On July 29, 1818, Gaspard Monge, French mathematician, died in Paris. You can read about his life and how it was affected by the French Revolution here. However, this blog is not about Monge. I mention him only because the fact of his passing reminded me of the fun Frances Rolleston had with French mathematics.
A French nobleman who had fled the Revolution tutored her in French and mathematics. The system he taught her was later adopted in English universities, but before it was widely known, Frances had fun stumping her acquaintances with problems which now seem simple to us.
The following is from a letter she wrote some time after the events.
My French friend despised English mathematics. He told me to try my professing friends with these two questions; first, what is two-thirds of three-fourths? It was curious to see gentlemen who had taken their degree, fill quantities of paper, and come to no satisfactory answer. One clergyman, who was trying to puzzle a young disciple of mine studying for college, could not master this simple problem. Then said I, try another, of which my French friend had said, 'No Englishman can do this'—'PROVE that two and two make four." After making his wife and young cousin laugh at his failure, he gave it up, and I was obliged to show him the French proof.
Some time later when Frances told this story to a new college graduate, he said, "We know that now, we are taught on the French plan." So the English have at least this to thank the French for.
Frances Rolleston had just turned 15, when this day in 1796, Robert Burns died. Called the Scottish Bard, he carried other titles in honor of his poetry, of which much was in the Scottish dialect. Frances must have known of his passing because already she was enthusiastic about poetry.
In the summer of 1841, Frances wrote to her old friend the Rev. Henry Thompson: "I send you two ballads I manufactured with an eye to Burns, out of some raw material in the "Fairy Mythology."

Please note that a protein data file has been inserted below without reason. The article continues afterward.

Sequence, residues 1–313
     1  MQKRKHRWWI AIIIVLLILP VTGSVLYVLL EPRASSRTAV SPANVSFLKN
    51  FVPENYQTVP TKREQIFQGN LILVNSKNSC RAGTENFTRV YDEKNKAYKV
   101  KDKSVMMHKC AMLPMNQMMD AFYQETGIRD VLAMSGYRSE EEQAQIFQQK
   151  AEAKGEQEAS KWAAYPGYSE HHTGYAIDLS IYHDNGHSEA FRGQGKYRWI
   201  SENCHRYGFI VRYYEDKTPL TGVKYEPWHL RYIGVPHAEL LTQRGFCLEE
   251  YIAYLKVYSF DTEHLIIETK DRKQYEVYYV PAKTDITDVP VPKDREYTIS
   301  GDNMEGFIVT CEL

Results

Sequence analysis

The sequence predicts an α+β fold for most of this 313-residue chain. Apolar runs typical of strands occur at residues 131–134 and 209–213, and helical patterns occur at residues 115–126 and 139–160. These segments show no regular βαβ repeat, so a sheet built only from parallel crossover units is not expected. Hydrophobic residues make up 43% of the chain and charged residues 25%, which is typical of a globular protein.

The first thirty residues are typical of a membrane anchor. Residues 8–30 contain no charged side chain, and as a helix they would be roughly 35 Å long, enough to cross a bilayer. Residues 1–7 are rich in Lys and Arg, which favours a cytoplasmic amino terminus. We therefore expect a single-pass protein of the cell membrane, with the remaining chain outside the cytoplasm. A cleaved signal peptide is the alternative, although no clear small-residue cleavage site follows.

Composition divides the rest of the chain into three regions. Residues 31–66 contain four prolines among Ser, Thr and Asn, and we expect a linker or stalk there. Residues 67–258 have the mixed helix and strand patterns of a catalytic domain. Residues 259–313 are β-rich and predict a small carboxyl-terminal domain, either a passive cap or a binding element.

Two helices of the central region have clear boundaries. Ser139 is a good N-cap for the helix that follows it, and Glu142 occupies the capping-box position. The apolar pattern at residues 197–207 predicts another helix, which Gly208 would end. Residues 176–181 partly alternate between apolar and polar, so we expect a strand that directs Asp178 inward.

Which two of her ballads these were, I can't say. But in 1850 Thompson published Original Ballads by Living Authors which included six by Frances. Perhaps they were "St. Patrick's Staff" and "Braithwell Cross," since these are based on ancient events. But they may have been others more influenced by folklore. It is certain that Burns enjoyed such topics:
"In my infant and boyish days too, I owed much to an old Maid of my Mother's, remarkable for her ignorance, credulity and superstition.--She had, I suppose, the largest collection in the county of tales and songs concerning devils, ghosts, fairies, brownies, witches, warlocks, spunkies, kelpies, elf-candles, dead-lights, wraiths, apparitions, cantraips, giants, inchanted towers, dragons and other trumpery.--This cultivated the latent seeds of Poesy...." (from the Poetry Foundation.)
Today is remembered for the evacuation of the Crimea in 1856, ending another of Europe's many wars. The Crimean War involved Russia, Great Britain, France and the Ottoman Empire. A Wikipedia article sums the war up thus: "As the legend of the 'Charge of the Light Brigade' demonstrates, the war quickly became an iconic symbol of logistical, medical and tactical failures and mismanagement."
A few good things came out of the war—such as Russia's decision to sell Alaska to the US, the battlefield nursing methods of Florence Nightengale, and the rise of writer Leo Tolstoy. Here's a succinct article about these.
In 1859 Frances Rolleston wrote, "It is said in statistic reports, that of 650,000 females between the ages of fifteen and forty in the city of London, there are 450,000 unmarried."
She might have used this statistic to suggest the terrible loss of young men in war, but Frances had something else in mind that she found more important. Using the example of the unmarried women who followed Florence Nightengale to nurse the soldiers in the Crimea, Frances suggested that unmarried women be encouraged to carry the good news of Jesus Christ to the Orient—to India and China. She could not go herself, getting on towards eighty years of age, but "Still," she wrote, "I have influence, and wish to exert it to induce my younger countrywomen to serve the Lord."
Frances gave much of her time and resources to serving the temporal needs of the poor and ailing, but the eternal needs of people pressed upon her even more.